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Ministry at a strategic academic crossroads

In 1942 at the University of Chicago, scientists created the first working nuclear reactor, setting in motion the development of the atomic bomb.

Chi Alpha leaders hope their recent beginnings in Chicago will prove as world changing. The city is home to 114 colleges and universities and 400,000 students, many from other countries.

"There is a tremendous need for the power of the Spirit on these campuses," says Eric Lerew, Illinois District Chi Alpha director, who is raising up a team of campus missionaries. "There need to be communities where the Holy Spirit can touch lives."

Until recently, there was no Chi Alpha group on the major campuses in Chicago. Lerew’s strategy is to put full-time campus missionaries on every major campus in the area.

At the University of Chicago, graduate and professional students outnumber undergraduates 2 to 1. "Research is paramount," says campus missionary Ed Gitre.

Most of the schools at U of C are ranked among the top 10 in the nation. The school also has one of the largest academic bookstores in the country — a basement packed with maze-like shelves. A stroll through the campus reveals advertisements for churches that embrace homosexuality, false doctrines and godless love.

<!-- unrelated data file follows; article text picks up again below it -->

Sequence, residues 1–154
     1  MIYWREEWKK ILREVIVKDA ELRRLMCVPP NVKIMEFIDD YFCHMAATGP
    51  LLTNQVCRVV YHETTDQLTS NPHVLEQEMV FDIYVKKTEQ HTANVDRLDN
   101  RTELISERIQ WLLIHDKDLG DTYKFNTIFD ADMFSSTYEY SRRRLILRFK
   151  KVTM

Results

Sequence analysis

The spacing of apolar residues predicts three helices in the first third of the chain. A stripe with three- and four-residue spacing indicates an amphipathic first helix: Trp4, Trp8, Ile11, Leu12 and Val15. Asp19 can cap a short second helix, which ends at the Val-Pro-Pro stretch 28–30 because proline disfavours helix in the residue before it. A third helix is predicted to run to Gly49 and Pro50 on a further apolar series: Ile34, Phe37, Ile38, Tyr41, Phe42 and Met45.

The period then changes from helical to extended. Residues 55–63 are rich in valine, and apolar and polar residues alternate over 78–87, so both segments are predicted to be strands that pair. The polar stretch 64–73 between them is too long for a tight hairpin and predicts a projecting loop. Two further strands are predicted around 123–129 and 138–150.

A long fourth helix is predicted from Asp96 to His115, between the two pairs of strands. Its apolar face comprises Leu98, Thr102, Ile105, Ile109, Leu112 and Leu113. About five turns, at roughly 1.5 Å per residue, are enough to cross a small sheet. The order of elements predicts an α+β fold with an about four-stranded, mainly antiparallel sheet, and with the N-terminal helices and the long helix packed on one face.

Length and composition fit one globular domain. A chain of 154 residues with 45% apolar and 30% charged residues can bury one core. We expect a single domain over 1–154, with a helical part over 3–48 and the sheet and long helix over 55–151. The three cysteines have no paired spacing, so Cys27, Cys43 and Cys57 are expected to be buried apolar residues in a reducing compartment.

Gitre says that the vast population of graduate students presents a unique challenge to Chi Alpha ministry.

"Urban Chicago ministry isn’t like any I’ve ever been in," says campus missionary Sherri Slagell. "You have to take the principles you’ve learned and adjust them for an urban setting."

For Slagell, to begin reaching the University of Illinois-Chicago (UIC) meant starting with prayer. She invited Chi Alpha groups to prayer walk the campus. In the spring she hosted a prayer walking seminar, and many people spent a cold Chicago day walking the campus and praying for the students.

"We’ve had 95 individuals here on campus interceding for the students, faculty and Chi Alpha throughout the semester," Slagell says.

When several Chinese students came to Slagell’s home for Easter, she gave them Chinese Bibles. In church, each was able to follow along with the pastor in a Bible in his or her language.

"We need workers who can live here and assist full-time missionaries," Lerew says. "We need people with gifts in evangelism and music and the arts. Also, interested students need to let us know they are attending a Chicago school. On many campuses, you have to have 10 to 20 students to even start a group. Our hands are tied until we have students that come on board."

Lerew’s vision is to have a building to train campus ministers to impact the next generation of world leaders at this strategic crossroads.

– Kevin Dawson


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